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French socialism: In a class of its own

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As one of the few remaining earthlings to happily call himself a socialist, I have now decided that if anything (Stalin and Mao aside) were to drive me away from my lifelong ideology it's the way it's practiced in la belle France. If you jump to the conclusion that I'm referring to the squalid case of "DSK," you are not wrong but only one-third right. (An audience in Rwanda understood instinctively last week when I compared Dominique Strauss-Khan's alleged violation of an African maid to the way the International Monetary Fund has treated Africa for the past many decades.)

Beyond the DSK scandal, it so happens that I have had the great misfortune of running into socialism a la France on other piquant occasions.

Older readers will recall without much nostalgia that among the great causes of the entire left wing during the Cold War era was the demand that nuclear testing not continue. Okay, that's not completely accurate. The nuclear powers in those innocent times were few -- the United States, Britain, the Soviet Union, France and Israel -- and while socialist parties in opposition were passionate advocates of Banning the Bomb, becoming government as always had a way of changing their perspective.

Accordingly, during the 1980s, France was carrying out underground nuclear tests in a big way and, in order to safeguard French citizens, did so far from home where only Pacific islanders would suffer. In 1985, Greenpeace decided to send a ship, the Rainbow Warrior, into the area to protest the tests. In order to show these meddling activists who was running the show, the French government proceeded to blow the Rainbow Warrior out of the water, in the process killing a photographer on board. The president of France who authorized these nuclear tests and who, according to the head of French intelligence, personally authorized the attack on the ship, was François Mitterrand.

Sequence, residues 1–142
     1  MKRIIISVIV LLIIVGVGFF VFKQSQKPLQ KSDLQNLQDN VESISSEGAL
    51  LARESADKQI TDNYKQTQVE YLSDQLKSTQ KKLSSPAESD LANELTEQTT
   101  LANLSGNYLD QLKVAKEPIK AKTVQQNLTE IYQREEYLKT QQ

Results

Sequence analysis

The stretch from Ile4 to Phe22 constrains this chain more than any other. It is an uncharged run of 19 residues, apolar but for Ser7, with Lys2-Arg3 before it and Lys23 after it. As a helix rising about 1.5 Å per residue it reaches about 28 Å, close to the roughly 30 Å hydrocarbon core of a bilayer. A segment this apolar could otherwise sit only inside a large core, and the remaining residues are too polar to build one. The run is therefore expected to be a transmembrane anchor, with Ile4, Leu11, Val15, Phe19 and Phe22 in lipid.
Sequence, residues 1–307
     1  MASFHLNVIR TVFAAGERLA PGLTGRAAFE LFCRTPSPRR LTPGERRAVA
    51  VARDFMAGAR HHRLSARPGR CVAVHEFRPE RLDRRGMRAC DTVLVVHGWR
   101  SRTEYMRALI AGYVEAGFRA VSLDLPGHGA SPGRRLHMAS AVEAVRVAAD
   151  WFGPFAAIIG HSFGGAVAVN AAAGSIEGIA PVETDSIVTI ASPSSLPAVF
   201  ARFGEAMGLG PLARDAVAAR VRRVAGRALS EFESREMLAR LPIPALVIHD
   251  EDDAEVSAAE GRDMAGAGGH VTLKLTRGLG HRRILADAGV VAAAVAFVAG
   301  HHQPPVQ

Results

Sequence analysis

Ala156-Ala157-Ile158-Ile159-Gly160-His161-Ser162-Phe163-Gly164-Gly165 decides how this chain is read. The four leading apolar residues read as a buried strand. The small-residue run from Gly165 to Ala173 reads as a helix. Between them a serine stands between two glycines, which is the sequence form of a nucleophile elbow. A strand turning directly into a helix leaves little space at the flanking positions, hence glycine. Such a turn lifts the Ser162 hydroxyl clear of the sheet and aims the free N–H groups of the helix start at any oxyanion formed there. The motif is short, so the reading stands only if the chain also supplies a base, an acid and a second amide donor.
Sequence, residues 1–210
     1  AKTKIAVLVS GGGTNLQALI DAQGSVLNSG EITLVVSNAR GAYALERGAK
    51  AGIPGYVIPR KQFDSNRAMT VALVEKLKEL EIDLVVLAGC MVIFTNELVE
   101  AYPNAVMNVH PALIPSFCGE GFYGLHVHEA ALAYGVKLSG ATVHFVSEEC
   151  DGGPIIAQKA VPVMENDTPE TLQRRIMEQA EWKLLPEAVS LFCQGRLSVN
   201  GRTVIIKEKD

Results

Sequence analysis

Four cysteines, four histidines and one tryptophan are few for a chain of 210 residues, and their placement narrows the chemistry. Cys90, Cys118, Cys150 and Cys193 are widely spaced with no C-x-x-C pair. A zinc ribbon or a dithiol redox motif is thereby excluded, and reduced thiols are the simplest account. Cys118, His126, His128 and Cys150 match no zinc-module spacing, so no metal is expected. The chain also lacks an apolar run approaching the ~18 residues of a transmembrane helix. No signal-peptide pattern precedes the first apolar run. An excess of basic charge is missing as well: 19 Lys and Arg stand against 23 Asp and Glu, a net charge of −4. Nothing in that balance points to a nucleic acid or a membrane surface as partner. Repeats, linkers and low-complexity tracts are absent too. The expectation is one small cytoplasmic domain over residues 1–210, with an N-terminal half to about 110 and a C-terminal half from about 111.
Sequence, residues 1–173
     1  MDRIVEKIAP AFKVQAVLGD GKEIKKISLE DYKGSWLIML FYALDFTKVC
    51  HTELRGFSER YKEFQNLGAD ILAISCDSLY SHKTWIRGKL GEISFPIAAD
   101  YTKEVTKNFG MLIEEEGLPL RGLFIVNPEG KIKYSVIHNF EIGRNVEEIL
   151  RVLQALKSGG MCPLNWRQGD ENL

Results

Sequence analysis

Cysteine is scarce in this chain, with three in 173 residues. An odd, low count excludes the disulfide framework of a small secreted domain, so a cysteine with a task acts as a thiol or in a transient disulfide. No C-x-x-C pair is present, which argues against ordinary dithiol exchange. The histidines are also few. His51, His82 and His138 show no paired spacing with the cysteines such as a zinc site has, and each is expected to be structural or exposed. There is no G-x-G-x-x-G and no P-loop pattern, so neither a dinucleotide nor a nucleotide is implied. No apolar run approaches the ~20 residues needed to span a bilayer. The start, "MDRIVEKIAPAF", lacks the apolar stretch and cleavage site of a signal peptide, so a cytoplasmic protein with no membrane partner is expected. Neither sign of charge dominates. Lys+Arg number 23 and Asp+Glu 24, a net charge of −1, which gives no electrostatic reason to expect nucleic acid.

Do I have to add that Mr. Mitterrand was, of course, a socialist.

It transpired that I had represented the NDP at a Socialist International meeting in Europe shortly before this incident, as did Lionel Jospin, then (like me) first secretary of the French socialist party and eventually (unlike me) prime minister of France. During one discussion of world peace, which most SI delegates quite favoured, I took the floor to report that while I couldn't speak for socialists everywhere, in Canada at least part of the unchallenged catechism of every lefty was to make the ending of nuclear tests a huge priority. So I was somewhat confused, I explained fraternally, to figure out why the socialist government of France didn't share this passion.

Seated on either side of me were Michael Harrington, the wonderful American socialist intellectual, and Olof Palme, the remarkably principled prime minister of Sweden, a man who scandalized everyone by actually practicing in government much of what he had preached in opposition and whose untimely murder on the safe streets of Stockholm has never been solved. Both, I'm thrilled to report, warmly congratulated me on being innocent enough to express publicly what all in the hall strongly believed. Okay, not all. Mr. Jospin rose immediately, and with an icy stare that suggested the same fate for me as soon after befell the hapless Rainbow Warrior photographer, announced that he was not prepared to discuss, let alone defend, internal French policies at such a meeting. And he never did.